We often hear owners complain, ‘My dog has bumps under her fur’ or ‘What are the bumps on my dog?’ Perhaps, a noticeable lump appeared overnight on the dog though not as conspicuous as a swollen area from bee stings in dogs, yet something that can easily be perceived as life-threatening. Alleviate your worries by knowing when it is serious and what to do with it.
Kinds of Lumps and Bumps on Dogs
What kind of lump or bump are dangerous? Why do older dogs get bumps? As the dog grows older, the higher the chances of having a malignant lump. Similar to humans, lumps and bumps in dogs manifest as part of growing up.
‘The basic rule is if it is growing rapidly or bleeding it should be checked by a vet,’ said Doctor Peter Green from Heathmont Animal Hospital.
- Any discharge from the lump This can sometimes be described as discolouration of the skin. This type of lump needs immediate attention from the vet in case there is an infection.
- Fast-growing bumps Observe the bumps. If it gets even bigger in a month or is growing much quicker, consider removing the said growth.
- Fluctuation in bumps These are growing bumps that shrink and grow again. This condition can be caused by a type of tumour called ‘mast ll tumour.’ This type of tumour contains particles of histamine, which causes swelling when released and soon subsides after the release.
- Lumps or bumps increasing in size in just a few minutes These are usually caused by an allergic reaction. Take time to observe for other signs and seek veterinary advice.
- Painful lumps If your pooch winces or if there are any other signs that he is in pain when you touch the lump, it requires immediate veterinary care.
Another way to deal with skin growth on dogs is to categorise whether the condition is benign or malignant.
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Benign Lumps and Bumps (Non-Cancerous)
Benign lumps and bumps are not life-threatening unless it creates problems with your dog’s movement and breathing, and causes excessive scratching due to skin irritation. If this is the case, it is best to consider having it removed surgically.
- Abscesses Abscesses can be seen as swollen lumps with a build-up of pus under the skin caused by infection. Treatment may involve particular sedation with the help of a vet to drain the swollen area. Antibiotics may be prescribed when deemed necessary.
- Lipomas (fatty lumps) Lipomas are common to older and obese canines. It usually grows at a slow rate and rarely spread that it takes a longer time for significant changes to be visible. As soon as it hinders your pet’s mobility such as skin growth in the armpits or behind a leg, removal operation is best recommended.
- Sebaceous cysts Sebaceous cysts take form under the skin as solid and cystic material caused by sebaceous gland blockage. The affected area may appear red and sore. This is usually left untreated as long as it does not lead to any other problems or irritations on a canine.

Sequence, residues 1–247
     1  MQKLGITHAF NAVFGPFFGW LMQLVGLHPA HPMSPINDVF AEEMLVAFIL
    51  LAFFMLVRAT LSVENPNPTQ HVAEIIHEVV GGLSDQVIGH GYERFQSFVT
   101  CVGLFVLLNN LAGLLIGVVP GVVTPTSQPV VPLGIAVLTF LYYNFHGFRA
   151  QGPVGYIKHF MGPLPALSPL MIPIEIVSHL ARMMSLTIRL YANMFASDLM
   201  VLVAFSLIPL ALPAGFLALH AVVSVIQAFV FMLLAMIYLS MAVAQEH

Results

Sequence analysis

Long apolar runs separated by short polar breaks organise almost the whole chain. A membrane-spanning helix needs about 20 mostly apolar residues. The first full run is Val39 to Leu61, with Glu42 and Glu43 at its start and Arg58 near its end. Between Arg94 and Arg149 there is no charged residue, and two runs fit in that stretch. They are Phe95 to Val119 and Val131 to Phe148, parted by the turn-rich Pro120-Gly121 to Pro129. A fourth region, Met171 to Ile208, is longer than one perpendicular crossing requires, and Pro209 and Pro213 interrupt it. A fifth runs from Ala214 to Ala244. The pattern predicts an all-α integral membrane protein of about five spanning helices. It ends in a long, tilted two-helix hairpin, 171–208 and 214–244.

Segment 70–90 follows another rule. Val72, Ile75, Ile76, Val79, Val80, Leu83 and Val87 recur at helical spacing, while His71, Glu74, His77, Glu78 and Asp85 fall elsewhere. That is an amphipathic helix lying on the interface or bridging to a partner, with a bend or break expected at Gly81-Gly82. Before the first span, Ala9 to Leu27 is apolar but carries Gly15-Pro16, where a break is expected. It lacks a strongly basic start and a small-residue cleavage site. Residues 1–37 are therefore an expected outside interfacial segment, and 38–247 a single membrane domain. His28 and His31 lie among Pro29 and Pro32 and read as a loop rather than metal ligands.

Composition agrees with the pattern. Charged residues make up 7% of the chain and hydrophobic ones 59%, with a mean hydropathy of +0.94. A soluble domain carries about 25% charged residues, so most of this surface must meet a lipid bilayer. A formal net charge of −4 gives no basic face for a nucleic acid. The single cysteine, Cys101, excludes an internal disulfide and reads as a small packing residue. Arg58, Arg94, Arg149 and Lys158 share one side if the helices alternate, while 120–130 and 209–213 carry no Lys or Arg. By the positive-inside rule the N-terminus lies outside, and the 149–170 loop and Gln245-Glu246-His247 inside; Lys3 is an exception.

- Warts Warts are common to all ages of canines especially to those that are immunocompromised. They usually appear as small skin tags on the head and face. It can also be acquired from constant social exposure to other dogs in a doggy day-care and/or dog parks. There is no particular treatment necessary as it usually goes away on its own in a few months’ time. However, if it causes any irritation to your pooch, removal should be considered.
- Haemangiomas Haemangiomas are vascular lesions found in the underlying tissues or blood vessels of the skin. These lesions may appear closely like a blood blister with colours that vary from red to black. Consultation should be done as this condition may develop to something malignant over time.
Malignant Lumps and Bumps (Cancerous)
Malignant lumps and bumps can spread to organs such as lungs, liver, brain, and bones. As such, it is crucial to remove through surgical operations as soon as it is diagnosed. Chemotherapy and radiation therapy may also help. The following are some of the common malignant lumps and bumps on dogs:
- Mast cell tumours These tumours affect the immune cells that are most common in dogs eight years older. It is best to diagnose as early as possible for early preventive measures and to check if the damage has spread to other organs.
- Mammary carcinomas (breast cancer) A cancerous growth in the mammary glands is called the mammary carcinomas and is more common to unspayed female canines. It is always best to have mammary lumps surgically removed and can be optionally followed by chemotherapy. This is to prevent from spreading to other organs.
- Osteosarcomas One of the common bone tumours is the osteosarcomas. This condition is caused by many factors including fracture from the previous area, abnormal bone cell growth, unusual hormone stimulation, or genetic factors. Surgical removal is the best treatment and should be done as soon as it is diagnosed.
The best treatment for all malignant tumours involves surgical excision and chemotherapy. Read more on pet health advice here.